When golden years aren’t so golden
Those of us who are still working may have painted a rosy picture of what retirement has in store. We imagine lounging in bed in the morning for as long as we choose, having a glass of wine with lunch, exotic foreign holidays and, perhaps, some light sailing, serious golf or a coast-to-coast road trip in a luxury RV. This is the stuff of TV commercials for retirement products.
Seniors and reality
But advertising and reality are often dramatically different for many seniors, a group defined as those ages 55 and older. These differences were vividly illustrated in an article by Rozanne M. Andersen for InsideARM, a trade journal for the debt collection industry. Andersen’s piece on debt collection included some frightening facts and data:
- Those seniors, especially men, who can’t afford to retire are finding it increasingly difficult to find employment. Those who stop working (whether as a result of downsizing, illness, termination, resigning or retiring) are 50 percent less likely to find a new job than younger workers in the same position. And, if they do get a post, they on average have to take a 20 percent cut in income.
- Sixty percent of those born between 1946 and 1964 (so-called “baby boomers”) are still financially propping up their adult children, and many are doing so while also supporting elderly parents.
- The average retirement age has now jumped to 70 as seniors fight to keep their sinking finances afloat.
- Compared with 10 years ago, seniors now spend less on themselves in most categories of household expenditure. The biggest exceptions are health care, drugs and fuel.
- Incredibly, one in 20 of those over age 50 are still paying off their own student loans. Many are also guarantors of their kids’ education debt.
- More than 63 percent of seniors had housing debt in 2007, up from 49 percent in 1989.
Credit card debt especially worrying
As if all that weren’t depressing enough, there’s even more bad news. The amount seniors owe to their credit card companies is truly scary.
In the decade ending in 2004, seniors’ credit card debt increased 149 percent. And it’s still going up. Forty-one percent of cardholders in this age group who are still working now owe more to credit card companies than they have in savings.
Moreover, Andersen says that, at more that $35,000, the average credit card debt for those who are 60 years or older is far higher than for any other age group. The same figure for those in the next most indebted demographic (ages 50 to 54) is more than $11,000 lower. Small wonder many retirees have given up hope of paying down their cards before they die.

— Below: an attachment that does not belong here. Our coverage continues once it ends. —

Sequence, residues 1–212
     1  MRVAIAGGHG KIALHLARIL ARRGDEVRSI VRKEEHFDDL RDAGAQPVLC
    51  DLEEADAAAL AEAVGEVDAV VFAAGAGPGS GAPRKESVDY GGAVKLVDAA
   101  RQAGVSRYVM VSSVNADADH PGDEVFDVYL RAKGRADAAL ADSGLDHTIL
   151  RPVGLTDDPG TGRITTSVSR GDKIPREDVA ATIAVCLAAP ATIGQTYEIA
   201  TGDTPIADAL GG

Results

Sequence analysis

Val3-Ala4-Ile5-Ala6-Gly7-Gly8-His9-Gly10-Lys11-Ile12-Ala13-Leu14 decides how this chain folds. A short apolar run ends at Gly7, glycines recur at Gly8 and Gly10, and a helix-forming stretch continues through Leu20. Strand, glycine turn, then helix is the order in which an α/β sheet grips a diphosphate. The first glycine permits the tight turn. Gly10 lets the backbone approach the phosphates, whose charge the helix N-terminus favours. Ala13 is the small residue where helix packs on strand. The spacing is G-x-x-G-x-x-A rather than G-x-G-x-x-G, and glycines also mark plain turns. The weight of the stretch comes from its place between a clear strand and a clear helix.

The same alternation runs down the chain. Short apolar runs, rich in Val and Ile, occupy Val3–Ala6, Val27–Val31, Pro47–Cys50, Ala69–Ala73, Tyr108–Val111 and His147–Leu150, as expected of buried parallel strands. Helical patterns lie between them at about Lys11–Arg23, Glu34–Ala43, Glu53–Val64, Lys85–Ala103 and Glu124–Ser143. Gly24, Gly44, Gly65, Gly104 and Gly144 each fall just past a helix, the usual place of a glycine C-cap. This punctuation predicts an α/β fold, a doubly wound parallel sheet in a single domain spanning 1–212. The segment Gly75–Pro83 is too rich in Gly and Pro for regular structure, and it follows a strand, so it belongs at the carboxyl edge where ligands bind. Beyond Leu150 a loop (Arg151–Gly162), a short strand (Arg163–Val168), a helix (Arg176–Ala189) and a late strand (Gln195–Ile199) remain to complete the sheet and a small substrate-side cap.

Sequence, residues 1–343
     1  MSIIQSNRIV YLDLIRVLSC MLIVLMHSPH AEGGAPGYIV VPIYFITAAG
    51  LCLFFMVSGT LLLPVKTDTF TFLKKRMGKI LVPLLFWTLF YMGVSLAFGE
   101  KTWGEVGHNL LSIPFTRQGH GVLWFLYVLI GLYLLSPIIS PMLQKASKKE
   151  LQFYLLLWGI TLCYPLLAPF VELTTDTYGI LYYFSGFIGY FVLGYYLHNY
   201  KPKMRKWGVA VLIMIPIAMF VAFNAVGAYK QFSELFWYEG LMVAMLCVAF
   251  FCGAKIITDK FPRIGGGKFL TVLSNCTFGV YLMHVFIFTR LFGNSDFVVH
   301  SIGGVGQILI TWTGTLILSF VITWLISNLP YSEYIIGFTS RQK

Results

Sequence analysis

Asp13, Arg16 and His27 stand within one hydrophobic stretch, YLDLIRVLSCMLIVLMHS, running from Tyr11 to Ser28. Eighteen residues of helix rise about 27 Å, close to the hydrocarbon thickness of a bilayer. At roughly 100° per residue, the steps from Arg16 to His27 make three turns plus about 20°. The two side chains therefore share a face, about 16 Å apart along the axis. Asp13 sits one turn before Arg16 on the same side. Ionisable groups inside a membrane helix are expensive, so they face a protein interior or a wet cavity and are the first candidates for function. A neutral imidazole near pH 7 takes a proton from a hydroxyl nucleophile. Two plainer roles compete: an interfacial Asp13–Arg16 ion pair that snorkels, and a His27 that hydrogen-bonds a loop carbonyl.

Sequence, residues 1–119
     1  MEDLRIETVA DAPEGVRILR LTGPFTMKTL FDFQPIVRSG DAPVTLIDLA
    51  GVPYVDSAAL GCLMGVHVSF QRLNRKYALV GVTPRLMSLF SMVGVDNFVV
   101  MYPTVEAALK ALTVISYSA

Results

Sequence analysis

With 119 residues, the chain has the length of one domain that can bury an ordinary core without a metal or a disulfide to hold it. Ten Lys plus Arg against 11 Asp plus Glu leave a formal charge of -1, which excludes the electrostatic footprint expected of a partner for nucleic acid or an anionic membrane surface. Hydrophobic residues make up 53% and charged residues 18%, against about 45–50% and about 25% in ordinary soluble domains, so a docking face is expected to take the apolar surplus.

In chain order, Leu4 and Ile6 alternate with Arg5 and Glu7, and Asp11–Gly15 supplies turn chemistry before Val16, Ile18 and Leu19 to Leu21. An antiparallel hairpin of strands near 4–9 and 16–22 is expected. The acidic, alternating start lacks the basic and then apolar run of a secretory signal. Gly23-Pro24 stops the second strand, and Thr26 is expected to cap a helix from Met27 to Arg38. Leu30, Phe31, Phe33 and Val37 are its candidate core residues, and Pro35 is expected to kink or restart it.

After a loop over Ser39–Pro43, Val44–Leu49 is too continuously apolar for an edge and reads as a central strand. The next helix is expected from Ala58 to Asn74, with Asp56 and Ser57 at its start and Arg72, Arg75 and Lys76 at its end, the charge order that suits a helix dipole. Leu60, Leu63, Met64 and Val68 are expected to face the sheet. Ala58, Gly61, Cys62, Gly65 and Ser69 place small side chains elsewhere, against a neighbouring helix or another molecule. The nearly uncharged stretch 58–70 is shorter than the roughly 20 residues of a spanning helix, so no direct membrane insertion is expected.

Last year, the University of Michigan published a paper, “The Rise in Elder Bankruptcy Filings and Failure of U.S. Bankruptcy Law.” It traced the explosion in bankruptcy rates among those 65 or older, and when IndexCreditCards.com covered the story (Credit card debt increasingly affecting seniors), it reported:
When asked why they were filing for bankruptcy, fully two-thirds of those 65 and over cited credit cards as a cause. More specifically, they mentioned high credit card rates and fees. Surprisingly, that’s a higher proportion than younger filers; only 53.3 percent of those mentioned cards as a cause. More predictably, “medical reasons” were cited by seniors as the second most frequent reason for their filing.
Credit card use not usually irresponsible
Of course, seniors are often as capable of being irresponsible and frittering away money on frivolous purchases as younger people. However, last November, CESI Debt Solutions of Raleigh, N.C., published the results of a small nationwide survey it had commissioned. It found that when retirees were asked what they had bought when they went into debt, 75 percent of respondents said it was either medical or funeral expenses. Twenty-eight percent reported they had purchased food or groceries.
The future threat
Right now, we think we have high credit card rates. And we’re right. The IndexCreditCards.com rates monitor says that the overall average for all cards is 16.43 percent.
However, rates for credit cards are now usually variable, and are tied to Federal or other prime rates. So when sooner or later those begin to go up (and they’re currently at historical lows so it’s hard to believe that they won’t), they’ll drag credit card rates up with them.
And then even more seniors are likely to see their dreams of a rosy retirement turn to dust.
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